Retracing Prefontaine’s route in a five-speed subcompact hardly solves the mystery. If anything it only adds to the frustration because, yes, if that part of the road at night is unforgiving even to a sober, attentive driver, what would it be like for one with .16 blood alcohol?
But yes, too, if something or someone were in one’s lane going around that curve, the tendency would be to swerve to the left--across the center line and into a rock wall, if you couldn’t recover in time.
Even if one accepts the official version that he simply lost control of his car and crashed into the wall, there are some nagging points that persist:
--In the Eugene Register-Guard’s account of the accident, skid marks 40 feet from the crash site are cited, yet the police report specifically states that no skid marks were found. It’s an important point to Pre’s People because skid marks suggest that Prefontaine was braking to avoid something or someone.
--There was also official supposition that Prefontaine had lost control of his car going around that curve while changing an audio tape. John Denver’s “Back Home Again” was supposedly found on the pavement at the scene. Yet, Prefontaine’s sister Linda said that she found Steve’s “Back Home Again” tape while driving his van a month later.
--The driver of the so-called mystery car in the case was determined by police to have happened upon the scene after the accident--and was given a polygraph test which he passed--but Pre’s People steadfastly believe otherwise.
They are not specific about that driver because without proper evidence, they’d just be opening themselves up to a lawsuit.
Although many questions remain unanswered, the public record in Eugene Police Dept. Case No. 75-9498 stands as follows:
“The victim was alone, driving his vehicle eastbound on Skyline Drive and crossed the centerline to the left side of the roadway. The vehicle went over the curb and hit a solid rock embankment and flipped over onto its top in the roadway. The victim was pinned partially under the overturned vehicle. The victim was dead at the scene.”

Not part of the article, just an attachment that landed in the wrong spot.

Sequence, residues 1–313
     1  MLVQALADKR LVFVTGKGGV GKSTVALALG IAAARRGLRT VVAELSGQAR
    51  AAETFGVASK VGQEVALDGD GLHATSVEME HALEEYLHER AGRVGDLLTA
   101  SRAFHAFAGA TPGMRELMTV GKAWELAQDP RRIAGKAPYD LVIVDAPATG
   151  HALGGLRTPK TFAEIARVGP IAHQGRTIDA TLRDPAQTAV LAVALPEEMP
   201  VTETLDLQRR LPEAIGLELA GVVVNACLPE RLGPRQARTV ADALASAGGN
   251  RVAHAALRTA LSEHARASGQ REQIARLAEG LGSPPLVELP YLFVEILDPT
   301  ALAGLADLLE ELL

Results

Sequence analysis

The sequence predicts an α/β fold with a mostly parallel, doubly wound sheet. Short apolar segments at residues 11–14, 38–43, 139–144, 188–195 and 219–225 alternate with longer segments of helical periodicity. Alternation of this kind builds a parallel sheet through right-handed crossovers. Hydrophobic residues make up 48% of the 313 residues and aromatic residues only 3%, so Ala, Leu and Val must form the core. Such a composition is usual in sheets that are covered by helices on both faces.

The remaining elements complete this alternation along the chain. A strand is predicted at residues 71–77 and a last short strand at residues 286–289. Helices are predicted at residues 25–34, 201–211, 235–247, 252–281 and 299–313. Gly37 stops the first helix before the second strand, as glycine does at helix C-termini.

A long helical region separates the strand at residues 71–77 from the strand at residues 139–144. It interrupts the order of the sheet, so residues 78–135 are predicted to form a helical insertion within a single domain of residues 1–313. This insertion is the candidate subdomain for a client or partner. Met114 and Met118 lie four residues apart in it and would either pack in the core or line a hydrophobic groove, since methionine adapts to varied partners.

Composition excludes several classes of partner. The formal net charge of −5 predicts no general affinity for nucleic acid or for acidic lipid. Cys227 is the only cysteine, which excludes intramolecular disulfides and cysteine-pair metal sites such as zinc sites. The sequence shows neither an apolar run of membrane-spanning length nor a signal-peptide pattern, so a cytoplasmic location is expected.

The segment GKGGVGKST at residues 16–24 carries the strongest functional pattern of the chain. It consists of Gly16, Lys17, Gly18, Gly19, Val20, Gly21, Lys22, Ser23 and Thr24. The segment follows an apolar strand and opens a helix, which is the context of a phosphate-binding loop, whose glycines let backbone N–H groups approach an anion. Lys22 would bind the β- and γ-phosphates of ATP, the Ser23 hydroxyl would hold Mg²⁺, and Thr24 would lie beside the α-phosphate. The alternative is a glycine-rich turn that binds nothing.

About three months after Prefontaine’s death, Kenny Moore was driving Bruce Jenner and another athlete to Hayward Field for a U.S.-USSR-Poland track meet. “You know, it’s strange being in Eugene knowing that Pre is gone,” Jenner said. Incredulous, Moore asked, “My God, do you know where we are?” after the car had sped around a sharp curve on Skyline Drive as it wound its way toward Birch. Jenner, who had been Prefontaine’s roommate at the 1972 Olympics in Munich, would go on to set a world record in the decathlon over the next two days.
Eugene is now a bustling regional commercial and cultural center of 104,000 people, but it’s still the kind of place where Mom and Pop can take an evening stroll without looking over their shoulders.
Most folks in Eugene are friendly to a fault, especially to strangers. That changes, however, when one says that he is in town to exorcise the ghost of Steve Prefontaine.
Then they react in a predictable two-stage pattern.
First is a wariness that another carpetbagger is doing a story on their guy. The second thought is then, well, if you’re going to do a story on him, do it right, and they proceed to come up with their favorite anecdote about the time he started a sports club at a local prison or addressed the state legislature.
Which is why if you’re visiting Eugene to do a story on Prefontaine, you’re will get anonymous phone calls in the middle of the night inquiring as to the progress of your work.
Or to remind you not to forget to get hold of the tow-truck driver that night, a guy who’ll swear that Prefontaine’s car was in only second gear, and that he wasn’t speeding after all.